Scott thought the unaerated control was doing about as well as the aerated fermenters with a thick 1” cap of clean tan yeast/foam. “I used yeast nutrient in the wort as I always do,” he said. “I’ve noticed that commercial worts almost always begin fermenting very quickly and vigorously. I’ve attributed that to good (grain) crush and vigorous boils, whirlpooling for trub separation, oxygenation of the wort stream, and proper yeast pitching rates.”
Ten days later signs of fermentation had ceased in all four fermenters. Each had fermented vigorously, and we were vitally interested in tasting the results. We racked to secondary in freshly cleaned and sanitized kegs and the results were surprising.
The no-oxygen beer was barely attenuated at a gravity of 7.2°P/1.0286 SG. It had a taste we described as smoky/medicinal, hoppy/bitter, sweet, a Pale Ale nose and aroma. The 4-hour beer was said to be sour/bubble gum/vegetal aromas, thin, wet cloths, slightly bitter. Its gravity was better at 6.7°P/ 1.0266. The 24 hour beer was noticeably different. It lacked aroma (almost none, we noted, and was well attenuated at 2.9 P/1.0113. It was more medicinal, less hoppy/bitter, and thin in comparison to either predecessor.
The fourth beer, the 48-hour brew had less aroma than the four-hour beer, more than the 24 hour beer. It had solid bitterness with lingering after taste. It was the most fully attenuated at 2.5°P/1.0097
Scott’s beer was virtually complete at 2.1°P/1.0082. It too had modest Amarillo aroma with some very slight esters. It was fuller in body and had that nice Cascade grapefruit hoppiness in the finish.
We lagered the kegs at about 38°F for another two weeks before our next tasting. We failed to consider that the first two beers would continue fermenting while the second two more attenuated beers would not. So, upon tapping kegs, two were properly conditioned, two were lacking in CO2, which hurt their flavor profiles a bit.
Results and Judging
Nobody would throw any of these beers out despite the below-described comparative flaws. On their own each was judged an acceptable home brew. Asked if anyone would have thought that a beer oxygenated for 24 and especially 48 hours would be drinkable, let alone palatable, the answer was absolutely NO. All the beers were “clean,” and no one characterized any as undrinkable. This was due to good sanitary practices and using 0.2 micron sanitary filters in the air lines.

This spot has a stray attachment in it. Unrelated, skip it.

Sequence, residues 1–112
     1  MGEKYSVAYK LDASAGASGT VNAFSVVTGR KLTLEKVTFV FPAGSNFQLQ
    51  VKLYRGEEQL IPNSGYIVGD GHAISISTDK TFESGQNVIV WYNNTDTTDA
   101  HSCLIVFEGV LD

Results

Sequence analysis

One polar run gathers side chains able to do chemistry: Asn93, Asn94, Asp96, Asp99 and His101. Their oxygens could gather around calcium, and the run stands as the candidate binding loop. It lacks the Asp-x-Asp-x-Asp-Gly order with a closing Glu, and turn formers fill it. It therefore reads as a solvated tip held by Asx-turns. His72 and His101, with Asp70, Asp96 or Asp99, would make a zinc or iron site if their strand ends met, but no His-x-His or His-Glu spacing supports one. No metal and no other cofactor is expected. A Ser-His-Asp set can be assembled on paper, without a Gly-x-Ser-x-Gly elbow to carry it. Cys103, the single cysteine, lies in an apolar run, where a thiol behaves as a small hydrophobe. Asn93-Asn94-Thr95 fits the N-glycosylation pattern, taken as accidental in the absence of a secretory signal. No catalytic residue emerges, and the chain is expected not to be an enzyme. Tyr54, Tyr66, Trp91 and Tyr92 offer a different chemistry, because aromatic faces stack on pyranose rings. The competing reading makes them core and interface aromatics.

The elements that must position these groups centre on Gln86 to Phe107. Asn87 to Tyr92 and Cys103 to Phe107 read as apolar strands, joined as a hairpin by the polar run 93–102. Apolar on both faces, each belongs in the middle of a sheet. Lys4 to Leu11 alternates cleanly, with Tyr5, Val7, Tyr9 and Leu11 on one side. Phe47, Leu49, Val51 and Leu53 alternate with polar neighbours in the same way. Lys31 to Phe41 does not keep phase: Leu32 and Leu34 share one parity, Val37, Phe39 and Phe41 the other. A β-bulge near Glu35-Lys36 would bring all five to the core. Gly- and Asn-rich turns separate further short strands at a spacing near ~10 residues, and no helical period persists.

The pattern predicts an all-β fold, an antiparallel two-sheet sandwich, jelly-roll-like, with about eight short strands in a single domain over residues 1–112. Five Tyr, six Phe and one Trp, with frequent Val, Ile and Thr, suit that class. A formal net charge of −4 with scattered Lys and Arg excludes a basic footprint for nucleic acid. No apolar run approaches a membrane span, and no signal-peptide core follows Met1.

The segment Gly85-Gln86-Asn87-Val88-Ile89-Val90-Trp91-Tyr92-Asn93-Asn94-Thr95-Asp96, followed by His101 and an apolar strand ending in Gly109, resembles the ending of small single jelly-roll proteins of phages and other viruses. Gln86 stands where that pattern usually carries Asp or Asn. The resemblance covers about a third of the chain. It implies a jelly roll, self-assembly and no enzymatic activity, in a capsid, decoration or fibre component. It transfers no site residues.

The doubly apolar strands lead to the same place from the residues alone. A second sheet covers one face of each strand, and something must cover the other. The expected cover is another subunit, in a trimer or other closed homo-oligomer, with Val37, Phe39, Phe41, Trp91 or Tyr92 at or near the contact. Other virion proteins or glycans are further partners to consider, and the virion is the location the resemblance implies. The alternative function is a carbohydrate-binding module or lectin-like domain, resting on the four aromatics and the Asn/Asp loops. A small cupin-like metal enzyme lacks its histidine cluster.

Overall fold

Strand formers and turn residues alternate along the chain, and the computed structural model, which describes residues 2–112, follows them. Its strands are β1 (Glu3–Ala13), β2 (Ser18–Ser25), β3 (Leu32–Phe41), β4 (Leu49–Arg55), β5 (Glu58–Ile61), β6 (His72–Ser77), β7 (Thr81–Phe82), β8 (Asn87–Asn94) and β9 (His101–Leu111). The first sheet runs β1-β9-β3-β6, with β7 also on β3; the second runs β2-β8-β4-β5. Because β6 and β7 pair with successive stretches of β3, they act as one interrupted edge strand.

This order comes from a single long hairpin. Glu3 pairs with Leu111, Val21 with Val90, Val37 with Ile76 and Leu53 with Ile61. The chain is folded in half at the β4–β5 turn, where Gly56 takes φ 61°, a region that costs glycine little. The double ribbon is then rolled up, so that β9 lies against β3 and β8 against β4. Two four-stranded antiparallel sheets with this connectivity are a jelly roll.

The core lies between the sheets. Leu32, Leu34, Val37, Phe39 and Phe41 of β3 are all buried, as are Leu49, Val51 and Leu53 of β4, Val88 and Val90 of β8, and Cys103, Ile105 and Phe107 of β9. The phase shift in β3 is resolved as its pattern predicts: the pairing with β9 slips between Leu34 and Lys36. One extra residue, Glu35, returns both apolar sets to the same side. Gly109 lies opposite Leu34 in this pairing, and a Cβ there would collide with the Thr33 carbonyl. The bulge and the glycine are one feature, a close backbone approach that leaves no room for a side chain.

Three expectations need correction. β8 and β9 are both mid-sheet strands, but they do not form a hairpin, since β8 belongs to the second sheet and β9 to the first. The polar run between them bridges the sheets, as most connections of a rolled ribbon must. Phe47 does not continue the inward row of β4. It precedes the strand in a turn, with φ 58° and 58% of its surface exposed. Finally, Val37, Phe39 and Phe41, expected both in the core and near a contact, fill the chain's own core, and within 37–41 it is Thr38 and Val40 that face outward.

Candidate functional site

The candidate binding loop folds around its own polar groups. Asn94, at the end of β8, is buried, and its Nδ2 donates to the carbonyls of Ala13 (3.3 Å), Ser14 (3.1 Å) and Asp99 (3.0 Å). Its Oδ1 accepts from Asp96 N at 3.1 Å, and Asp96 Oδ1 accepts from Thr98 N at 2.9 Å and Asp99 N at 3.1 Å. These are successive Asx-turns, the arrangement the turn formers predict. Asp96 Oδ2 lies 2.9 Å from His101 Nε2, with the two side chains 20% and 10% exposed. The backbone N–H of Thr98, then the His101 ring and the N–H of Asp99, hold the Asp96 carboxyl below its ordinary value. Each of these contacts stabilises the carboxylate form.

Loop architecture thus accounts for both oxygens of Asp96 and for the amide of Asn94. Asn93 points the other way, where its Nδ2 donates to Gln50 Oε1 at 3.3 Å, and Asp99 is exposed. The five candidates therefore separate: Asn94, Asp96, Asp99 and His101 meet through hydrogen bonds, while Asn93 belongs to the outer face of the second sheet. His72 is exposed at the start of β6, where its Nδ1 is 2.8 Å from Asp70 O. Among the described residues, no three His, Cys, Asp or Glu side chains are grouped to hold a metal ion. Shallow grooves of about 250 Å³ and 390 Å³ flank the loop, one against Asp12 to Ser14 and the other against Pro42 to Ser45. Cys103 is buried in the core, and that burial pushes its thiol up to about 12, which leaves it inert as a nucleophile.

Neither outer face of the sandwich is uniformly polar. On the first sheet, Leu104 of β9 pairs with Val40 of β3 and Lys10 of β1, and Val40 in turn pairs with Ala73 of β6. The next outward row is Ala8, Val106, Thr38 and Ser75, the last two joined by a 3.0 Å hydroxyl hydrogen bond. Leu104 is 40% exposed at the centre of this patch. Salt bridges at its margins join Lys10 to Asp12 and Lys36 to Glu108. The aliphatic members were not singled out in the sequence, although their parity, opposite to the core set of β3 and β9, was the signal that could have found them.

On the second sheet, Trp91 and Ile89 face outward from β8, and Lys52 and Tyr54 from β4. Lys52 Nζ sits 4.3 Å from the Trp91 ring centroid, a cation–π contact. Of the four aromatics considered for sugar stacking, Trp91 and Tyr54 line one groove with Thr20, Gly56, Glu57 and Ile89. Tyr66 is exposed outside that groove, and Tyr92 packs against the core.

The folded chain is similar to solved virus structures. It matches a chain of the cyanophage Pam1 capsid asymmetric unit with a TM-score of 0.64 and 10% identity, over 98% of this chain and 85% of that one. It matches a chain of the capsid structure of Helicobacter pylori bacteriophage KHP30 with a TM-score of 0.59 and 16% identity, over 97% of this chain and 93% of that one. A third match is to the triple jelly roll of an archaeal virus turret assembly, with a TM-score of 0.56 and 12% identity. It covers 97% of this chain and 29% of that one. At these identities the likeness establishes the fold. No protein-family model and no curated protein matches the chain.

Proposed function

For our formal critical tasting we recruited Rex Halfpenny publisher of the now-shuttered Michigan Beer Guide and a BJCP judge. He and his wife Mary joined Scott and me, also a BJCP judge.
#1 (no oxygenation) surprisingly had the most going for it,” Rex said, “In spite of the fact it was obviously under-attenuated; with a lingering sweetness, you could sip it and lick your lips and taste sweetness. This means it will be unstable, too much biological activity remains.” For homebrewers that translates into drinking it up soon.
Scott ranked the beers; “I detected higher alcohols in 3 and 4, some green apple flavors though less in 4 (48 hours.) Mary said there was “wet cloth or bubble gum in # 3” and Scott agreed.
The 24 hour beer wasn’t well liked. Rex picked up a hint of vegetal and said that it was “over carbonated causing a CO2 bite; assertive hop bite, not as sweet, better attenuated.”
Nobody liked the 2 hour beer. “It tastes like a poorly made extract beer,” Rex commented. We agreed the off flavors could have come from the keg, though freshly cleaned (I noted some root beer aroma, surely that would be from the gasket.) “Acetaldehyde present; tart,” Rex said. Scott characterized as a “too-young” flavor.”
The beer common sense predicted would be thoroughly undrinkable after two days of aeration, only gathered comments like “tart, slight green apples and unpleasant drying” as a result of higher alcohol.
Our unanimous preference was for the brew pub’s version. It was better than any of the other four, though I though the finish a bit lacking and not enough hop aroma. “I thought your malt came through much nicer, and the Cara-Munich flavor came through as well,” Rex told Scott.
If there is one conclusion from this experiment, it is that when you pitch the proper amount of fresh yeast you will make drinkable beer. Few of us generate that quantity of yeast, so providing optimal environmental conditions—like oxygenated wort—is important. Oxygenation, while very important to attenuation (reduction of fermentable sugars and production of alcohol) itself does not predict drinkability. The results of our study show clearly that oxygenation does change flavors appreciably: keep your oxygenation to under four hours.
Extreme oxygenation does not—in any way experienced beer brewers and BJCP judges could discern—create completely unpalatable flavors in a beer. So perhaps this experiment raises as many questions as it answers.
50# each of DWC Cara-Vienna 20-30°L,
50# DWC Cara Munich 50-60 °L,
50# Cargill Munich 8-11 °L
Boil 75 minutes
Bittering hops Amarillo 3.5# 7.3 AA,
Flavor hops: Cascade @30 minutes remaining 4# 5.9 AA,
Aroma hops: End and whirlpool with Cascade 8#
Total water 300 gallons, pH 6.6, salts: 50 ml phosphoric acid, 8 oz. CaSO4
Kettle gravity (begin) 12.9°P, pH 5.5, 18.5 barrels. Sparge 500 gallons
Post Boil gravity 13.4°P/1.054 SG, pH 5.1.
Yeast, fresh Wyeast 1272. Terminal gravity 2.1°P